The INI has a new website!

This is a legacy webpage. Please visit the new site to ensure you are seeing up to date information.

Skip to content



Microscopic simulation of active gels: The controlling role of end detachment

Head, D (University of Leeds)
Thursday 27 June 2013, 16:45-17:15

Meeting Room 2, CMS


We detail results of two microscopic models for active media integrated numerically. In the first, point particles lacking orientational degrees of freedom are driven individually through random force noise, and dissipate energy collectively through inelastic interactions. This leads to large length-scale density fluctuations (aka 'giant number fluctuations') and super-diffusion, and we provide a simple scaling argument that links the two, suggestion a degree of commonality between these two features. A simple mechanism relating this model to those with orientational degrees of freedom is postulated. The second model is of apolar filaments driven by two-headed motile springs mimicking motor proteins, in quasi-2D systems with and without lateral confinement. With confinement, a range of structure formation is observed akin to in vitro experiments and in vivo visualisation of dividing cells. Without confinement, layers, asters and bundled states are found that broadly a gree with the predictions of a simple model. Super-diffusion is also observed for less strongly-bound states, as is a suggestion of giant number fluctuations. It is hoped this bottoms-up approach may lead to analytical theories for active gels valid on length scales on the filaments, relevant to some biological situations.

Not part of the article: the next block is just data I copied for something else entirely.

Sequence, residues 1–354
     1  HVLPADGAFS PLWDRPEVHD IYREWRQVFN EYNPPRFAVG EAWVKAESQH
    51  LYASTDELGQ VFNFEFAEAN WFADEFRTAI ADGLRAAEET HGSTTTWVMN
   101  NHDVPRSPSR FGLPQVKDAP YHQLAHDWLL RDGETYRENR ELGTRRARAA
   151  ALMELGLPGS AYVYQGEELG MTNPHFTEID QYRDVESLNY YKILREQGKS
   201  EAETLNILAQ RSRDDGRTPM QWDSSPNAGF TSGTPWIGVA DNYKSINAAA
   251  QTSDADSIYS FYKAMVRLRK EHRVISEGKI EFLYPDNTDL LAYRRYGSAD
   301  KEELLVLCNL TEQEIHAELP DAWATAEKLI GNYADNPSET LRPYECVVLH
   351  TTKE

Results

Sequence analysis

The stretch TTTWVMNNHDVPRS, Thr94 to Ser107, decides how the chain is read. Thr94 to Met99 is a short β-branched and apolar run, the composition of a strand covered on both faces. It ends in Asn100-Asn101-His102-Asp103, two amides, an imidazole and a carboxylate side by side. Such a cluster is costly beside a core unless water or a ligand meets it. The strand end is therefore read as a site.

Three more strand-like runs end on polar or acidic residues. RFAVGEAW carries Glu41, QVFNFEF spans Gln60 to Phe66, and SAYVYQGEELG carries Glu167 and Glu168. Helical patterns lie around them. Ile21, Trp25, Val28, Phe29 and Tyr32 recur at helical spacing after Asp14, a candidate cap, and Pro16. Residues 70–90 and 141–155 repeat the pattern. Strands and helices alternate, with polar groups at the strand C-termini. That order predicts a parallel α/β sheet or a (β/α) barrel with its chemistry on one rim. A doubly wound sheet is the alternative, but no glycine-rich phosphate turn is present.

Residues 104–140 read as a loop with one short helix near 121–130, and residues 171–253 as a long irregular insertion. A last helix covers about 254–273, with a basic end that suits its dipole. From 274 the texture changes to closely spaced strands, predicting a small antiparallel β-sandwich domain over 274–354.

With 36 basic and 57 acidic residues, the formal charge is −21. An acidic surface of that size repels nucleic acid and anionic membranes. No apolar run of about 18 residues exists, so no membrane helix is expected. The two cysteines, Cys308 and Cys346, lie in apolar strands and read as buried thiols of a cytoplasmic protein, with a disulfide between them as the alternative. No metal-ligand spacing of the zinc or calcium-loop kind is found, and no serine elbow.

Co-authors: G. Gompper (Juelich, Germany), W. J. Briels (Twente, The Netherlands), H. Tanaka (Tokyo University)


The video for this talk should appear here if JavaScript is enabled.
If it doesn't, something may have gone wrong with our embedded player.
We'll get it fixed as soon as possible.

Back to top ∧